Common Weaknesses

  • In-camera panoramas
    Neither provide
    Stitches multiple shots into a panoramic photo
  • NFC
    Neither provide
    Simplifies pairing your camera with supported phones
  • Built-in Bluetooth
    Neither provide
    Always-on wireless connectivity
  • Built-in GPS
    Neither provide
    Geotag your photos
  • On-sensor phase detect
    Neither provide
    Usually improves live view and video AF performance
  • Integrated ND filter
    Neither provide
    Shoot in daylight with a large aperture or slow shutter
  • Dual card slots
    Neither provide
    Gives you more storage flexibility
  • Headphone jack
    Neither provide
    Monitor audio recording while you shoot video
  • Slow-motion videos
    Neither provide
    Shoot slow-motion videos

User reviews

Buy From

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Buy the Olympus E-M5 II

Review Excerpt

  • Excellent handling in a compact, weather-sealed body; Crisp, roomy electronic viewfinder; Image quality that can take the fight to APS-C DSLRs; Unique high-res mode lets it bat far above its weight for static scenes; Extremely fast 10 fps burst shooting, Excellent video feature set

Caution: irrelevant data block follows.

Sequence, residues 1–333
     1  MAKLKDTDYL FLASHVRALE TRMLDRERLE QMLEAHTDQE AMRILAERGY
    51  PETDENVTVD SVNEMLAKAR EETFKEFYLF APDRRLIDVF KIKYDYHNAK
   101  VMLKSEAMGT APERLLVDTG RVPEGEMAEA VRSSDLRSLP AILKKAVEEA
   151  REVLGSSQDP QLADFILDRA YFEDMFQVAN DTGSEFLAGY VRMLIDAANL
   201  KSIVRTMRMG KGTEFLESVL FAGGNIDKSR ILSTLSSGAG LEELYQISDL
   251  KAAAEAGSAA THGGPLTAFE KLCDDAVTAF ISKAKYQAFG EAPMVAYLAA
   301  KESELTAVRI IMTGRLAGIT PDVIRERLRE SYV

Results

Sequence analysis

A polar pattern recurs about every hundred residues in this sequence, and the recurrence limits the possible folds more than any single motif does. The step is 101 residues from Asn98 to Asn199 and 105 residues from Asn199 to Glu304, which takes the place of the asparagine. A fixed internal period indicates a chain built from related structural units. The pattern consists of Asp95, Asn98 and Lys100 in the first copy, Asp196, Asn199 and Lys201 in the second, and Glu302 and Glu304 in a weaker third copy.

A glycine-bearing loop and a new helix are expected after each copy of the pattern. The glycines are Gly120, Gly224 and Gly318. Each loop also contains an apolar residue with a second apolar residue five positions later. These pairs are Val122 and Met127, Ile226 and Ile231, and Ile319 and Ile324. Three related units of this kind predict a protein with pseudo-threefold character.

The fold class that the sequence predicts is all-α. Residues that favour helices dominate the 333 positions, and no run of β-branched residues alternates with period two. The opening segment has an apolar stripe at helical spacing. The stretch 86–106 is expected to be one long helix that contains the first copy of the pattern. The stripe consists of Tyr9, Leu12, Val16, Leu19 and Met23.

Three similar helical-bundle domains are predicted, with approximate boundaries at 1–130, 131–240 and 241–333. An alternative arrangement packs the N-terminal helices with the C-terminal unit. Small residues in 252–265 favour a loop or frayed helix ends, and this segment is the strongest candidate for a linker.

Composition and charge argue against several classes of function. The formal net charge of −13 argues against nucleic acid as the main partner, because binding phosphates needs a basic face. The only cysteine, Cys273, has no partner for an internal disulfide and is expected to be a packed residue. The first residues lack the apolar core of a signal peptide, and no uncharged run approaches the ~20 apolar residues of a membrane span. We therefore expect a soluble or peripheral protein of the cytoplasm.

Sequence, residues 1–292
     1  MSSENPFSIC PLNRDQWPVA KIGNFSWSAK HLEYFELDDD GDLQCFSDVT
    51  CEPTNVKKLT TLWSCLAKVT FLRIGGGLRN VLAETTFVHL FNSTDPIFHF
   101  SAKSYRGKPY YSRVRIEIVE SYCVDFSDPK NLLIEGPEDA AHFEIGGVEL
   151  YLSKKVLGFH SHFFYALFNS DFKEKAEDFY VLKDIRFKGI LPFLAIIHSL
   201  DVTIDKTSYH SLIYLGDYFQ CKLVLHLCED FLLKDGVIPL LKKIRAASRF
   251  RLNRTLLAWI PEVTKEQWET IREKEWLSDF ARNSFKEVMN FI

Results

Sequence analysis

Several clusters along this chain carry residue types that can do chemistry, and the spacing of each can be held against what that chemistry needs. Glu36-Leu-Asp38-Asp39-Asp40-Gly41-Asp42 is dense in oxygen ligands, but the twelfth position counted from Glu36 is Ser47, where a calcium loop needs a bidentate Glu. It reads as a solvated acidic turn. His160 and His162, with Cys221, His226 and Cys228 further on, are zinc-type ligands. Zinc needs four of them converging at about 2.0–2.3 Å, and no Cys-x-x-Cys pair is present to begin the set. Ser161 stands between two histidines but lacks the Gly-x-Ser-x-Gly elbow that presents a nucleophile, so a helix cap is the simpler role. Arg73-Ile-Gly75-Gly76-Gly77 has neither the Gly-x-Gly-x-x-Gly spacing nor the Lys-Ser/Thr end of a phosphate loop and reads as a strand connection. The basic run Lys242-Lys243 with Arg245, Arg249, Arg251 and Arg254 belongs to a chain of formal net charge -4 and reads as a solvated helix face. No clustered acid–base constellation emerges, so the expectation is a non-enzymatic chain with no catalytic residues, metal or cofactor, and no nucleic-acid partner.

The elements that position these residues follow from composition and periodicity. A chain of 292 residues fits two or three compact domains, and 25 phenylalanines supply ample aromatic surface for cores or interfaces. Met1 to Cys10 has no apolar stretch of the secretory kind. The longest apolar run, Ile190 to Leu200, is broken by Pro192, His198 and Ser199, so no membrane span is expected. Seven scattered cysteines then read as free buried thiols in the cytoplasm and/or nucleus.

• Control dials are easily bumped; Below-average battery life at default settings; Buffer depths for raw shooters are a bit limited; 16-megapixel sensor resolution feels dated; Weak bundled flash strobe

The Competition

Compared to Panasonic DMC-FH3

Canon A3300 IS
Panasonic DMC-FH3
  • $180
  • 1/2.3 inch
  • $180
  • 1/2.33 inch
  • Longer stills battery life
  • Manual focus
Olympus E-M5 II
Panasonic DMC-FH3
  • $899
  • 4/3
  • Tilt-swivel screen
  • Focus peaking
  • $180
  • 1/2.33 inch
  • Internal flash
  • Thinner

Compared to Canon A3400 IS

Canon A3300 IS
Canon A3400 IS
  • $180
  • 1/2.3 inch
  • Longer stills battery life
  • Higher extended ISO
  • $93
  • 1/2.3 inch
Olympus E-M5 II
Canon A3400 IS
  • $899
  • 4/3
  • Focus peaking
  • Larger sensor
  • $93
  • 1/2.3 inch
  • Internal flash
  • Thinner

Compared to Canon A2400 IS

Canon A3300 IS
Canon A2400 IS
  • $180
  • 1/2.3 inch
  • Longer stills battery life
  • Higher extended ISO
  • $124
  • 1/2.3 inch
Olympus E-M5 II
Canon A2400 IS
  • $899
  • 4/3
  • Focus peaking
  • Larger sensor
  • $124
  • 1/2.3 inch
  • Internal flash
  • Thinner

Compared to Olympus E-M10 II

Canon A3300 IS
Olympus E-M10 II
  • $180
  • 1/2.3 inch
  • Thinner
  • $516
  • 4/3
  • Focus peaking
  • Larger sensor
Olympus E-M5 II
Olympus E-M10 II
  • $899
  • 4/3
  • Tilt-swivel screen
  • High resolution composite
  • $516
  • 4/3
  • Less expensive
  • Internal flash

Compared to Panasonic GX85

Canon A3300 IS
Panasonic GX85
  • $180
  • 1/2.3 inch
  • Thinner
  • $598
  • 4/3
  • Focus peaking
  • Larger sensor
Olympus E-M5 II
Panasonic GX85
  • $899
  • 4/3
  • Tilt-swivel screen
  • High resolution composite
  • $598
  • 4/3
  • Less expensive
  • Shoot 4K video